Willson Accepts Japan Prize
Grant C. Willson, professor of chemical engineering and chemistry, recently accepted the Japan Prize, one of the most prestigious international awards in science and technology, for his development of a process used to manufacture nearly all of the microprocessors and memory chips worldwide.
The presentation ceremony took place in Tokyo April 24, 2013. The Emperor of Japan attended along with Japan’s prime minister, speaker of the House of Representatives, president of House of Councilors and chief justice of the Supreme Court. Foreign ambassadors to Japan also attended with more than 900 distinguished guests, including eminent academics, researchers and representatives of political, business and press circles.
Willson shared the prize with his colleague and friend Jean M.J. Fréchet, who is vice president for research and professor of chemical science at King Abdullah University in Saudi Arabia.
Fréchet and Willson began working together at the IBM San Jose Research Center in 1979, when Fréchet was a visiting scientist on a sabbatical leave from the University of Ottawa and Willson was a manager at the San Jose center.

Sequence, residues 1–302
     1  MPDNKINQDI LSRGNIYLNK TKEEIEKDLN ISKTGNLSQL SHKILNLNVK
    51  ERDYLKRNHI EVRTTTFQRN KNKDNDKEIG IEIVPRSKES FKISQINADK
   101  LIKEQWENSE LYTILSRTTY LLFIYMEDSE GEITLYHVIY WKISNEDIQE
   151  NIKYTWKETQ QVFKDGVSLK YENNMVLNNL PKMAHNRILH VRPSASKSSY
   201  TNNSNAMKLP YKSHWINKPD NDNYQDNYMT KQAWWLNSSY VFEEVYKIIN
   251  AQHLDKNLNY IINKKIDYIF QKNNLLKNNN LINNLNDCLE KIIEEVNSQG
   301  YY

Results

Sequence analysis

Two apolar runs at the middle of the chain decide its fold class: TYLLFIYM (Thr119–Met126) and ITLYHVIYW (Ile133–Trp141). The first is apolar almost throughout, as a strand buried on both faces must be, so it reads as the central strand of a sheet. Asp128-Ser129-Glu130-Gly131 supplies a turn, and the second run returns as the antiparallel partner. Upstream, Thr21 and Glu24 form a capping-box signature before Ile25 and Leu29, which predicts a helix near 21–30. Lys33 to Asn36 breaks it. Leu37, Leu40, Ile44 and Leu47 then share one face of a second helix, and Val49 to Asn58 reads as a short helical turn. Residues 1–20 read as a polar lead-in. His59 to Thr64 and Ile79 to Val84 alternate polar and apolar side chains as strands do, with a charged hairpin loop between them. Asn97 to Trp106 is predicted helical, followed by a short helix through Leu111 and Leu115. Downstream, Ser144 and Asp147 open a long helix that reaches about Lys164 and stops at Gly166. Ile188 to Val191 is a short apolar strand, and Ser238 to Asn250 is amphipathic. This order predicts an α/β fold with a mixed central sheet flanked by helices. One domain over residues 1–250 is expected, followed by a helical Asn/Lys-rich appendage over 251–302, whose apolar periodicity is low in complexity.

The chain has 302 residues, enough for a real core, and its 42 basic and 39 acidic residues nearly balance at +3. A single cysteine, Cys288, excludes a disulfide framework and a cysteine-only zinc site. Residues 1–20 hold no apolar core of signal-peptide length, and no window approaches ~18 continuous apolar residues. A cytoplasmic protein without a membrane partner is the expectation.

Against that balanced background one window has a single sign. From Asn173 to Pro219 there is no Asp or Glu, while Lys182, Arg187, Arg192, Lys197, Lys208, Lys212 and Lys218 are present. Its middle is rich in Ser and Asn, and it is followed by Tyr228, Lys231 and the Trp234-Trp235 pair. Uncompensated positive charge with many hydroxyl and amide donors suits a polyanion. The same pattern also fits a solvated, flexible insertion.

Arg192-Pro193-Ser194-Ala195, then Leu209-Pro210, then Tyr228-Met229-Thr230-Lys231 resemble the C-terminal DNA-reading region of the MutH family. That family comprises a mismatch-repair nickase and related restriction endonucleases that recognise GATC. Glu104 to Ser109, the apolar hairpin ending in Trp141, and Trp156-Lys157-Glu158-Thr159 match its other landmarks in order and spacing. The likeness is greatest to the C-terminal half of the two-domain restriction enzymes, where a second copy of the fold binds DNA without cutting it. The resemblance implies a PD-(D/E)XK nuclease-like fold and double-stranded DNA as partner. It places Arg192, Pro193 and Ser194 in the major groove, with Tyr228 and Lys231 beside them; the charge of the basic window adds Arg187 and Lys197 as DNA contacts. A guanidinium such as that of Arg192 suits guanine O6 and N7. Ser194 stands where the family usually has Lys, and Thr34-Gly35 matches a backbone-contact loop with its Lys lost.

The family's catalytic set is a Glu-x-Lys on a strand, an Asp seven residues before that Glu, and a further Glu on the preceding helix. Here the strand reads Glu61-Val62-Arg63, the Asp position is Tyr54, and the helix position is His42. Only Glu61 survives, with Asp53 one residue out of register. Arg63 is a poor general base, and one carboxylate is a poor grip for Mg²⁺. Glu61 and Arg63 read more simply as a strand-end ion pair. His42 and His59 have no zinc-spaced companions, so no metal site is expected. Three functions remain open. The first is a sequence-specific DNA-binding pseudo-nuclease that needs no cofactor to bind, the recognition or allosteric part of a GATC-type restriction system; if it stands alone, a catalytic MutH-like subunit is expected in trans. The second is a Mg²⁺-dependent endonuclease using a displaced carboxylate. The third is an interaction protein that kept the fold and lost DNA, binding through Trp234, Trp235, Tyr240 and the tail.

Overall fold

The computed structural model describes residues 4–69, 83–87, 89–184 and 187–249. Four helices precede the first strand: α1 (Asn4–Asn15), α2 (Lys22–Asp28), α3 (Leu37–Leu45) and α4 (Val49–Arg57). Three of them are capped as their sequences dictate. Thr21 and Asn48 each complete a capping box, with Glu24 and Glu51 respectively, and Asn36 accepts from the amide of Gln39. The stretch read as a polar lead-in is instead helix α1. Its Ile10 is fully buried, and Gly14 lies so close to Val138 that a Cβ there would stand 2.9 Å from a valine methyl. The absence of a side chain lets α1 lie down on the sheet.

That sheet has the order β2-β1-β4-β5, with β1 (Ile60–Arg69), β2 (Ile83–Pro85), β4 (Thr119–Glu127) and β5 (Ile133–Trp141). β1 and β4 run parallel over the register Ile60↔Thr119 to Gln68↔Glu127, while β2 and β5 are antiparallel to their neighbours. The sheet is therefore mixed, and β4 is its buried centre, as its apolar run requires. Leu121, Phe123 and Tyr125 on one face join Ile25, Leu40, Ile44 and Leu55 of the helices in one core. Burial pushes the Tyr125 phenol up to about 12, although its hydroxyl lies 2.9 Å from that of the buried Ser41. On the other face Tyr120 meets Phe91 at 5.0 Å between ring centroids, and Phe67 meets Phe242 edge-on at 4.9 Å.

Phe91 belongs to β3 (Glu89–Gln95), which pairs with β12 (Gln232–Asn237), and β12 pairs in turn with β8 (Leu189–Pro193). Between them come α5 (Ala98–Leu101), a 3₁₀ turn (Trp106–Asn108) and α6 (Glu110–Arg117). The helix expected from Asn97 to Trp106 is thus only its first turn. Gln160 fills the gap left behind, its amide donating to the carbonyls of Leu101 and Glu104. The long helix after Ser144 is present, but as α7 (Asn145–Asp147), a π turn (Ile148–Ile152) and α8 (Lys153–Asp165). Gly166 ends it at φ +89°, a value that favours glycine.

At the time, semiconductor manufacturers were approaching the limits of the existing lithography processes and resist materials. Together with the late Hiroshi Ito, Fréchet and Willson invented chemically amplified resists that helped the fabrication of even smaller microstructures. These materials are now used to manufacture nearly all of the microprocessors and memory chips that are the heart of personal computers, mobile phones and many other electronic devices.
Willson earned his B.S. in chemistry at Berkeley in 1962, and completed his doctorate in organic chemistry in 1973. He joined the UT Austin faculty in 1993, where he holds appointments in the Department of Chemistry and Biochemistry and in the McKetta Department of Chemical Engineering.
About the Japan Prize
The Japan Prize is a prestigious international award presented to individuals whose original and outstanding achievements are not only scientifically impressive, but have also served to promote peace and prosperity for all mankind. The Prize is awarded by the Japan Prize Foundation. Since its inception in 1985, the Foundation has awarded 74 people from 13 countries.Tags: 2013, electronic devices, Grant C. Willson, international awards, Japan Prize, Japan Prize Foundation, Jean M.J. Fréchet, manufacturing, McKetta Department of Chemical Engineering, memory chips, microprocessors, mobile phones, personal computers, prestigious, science and technology, semiconductors, The University of Texas at Austin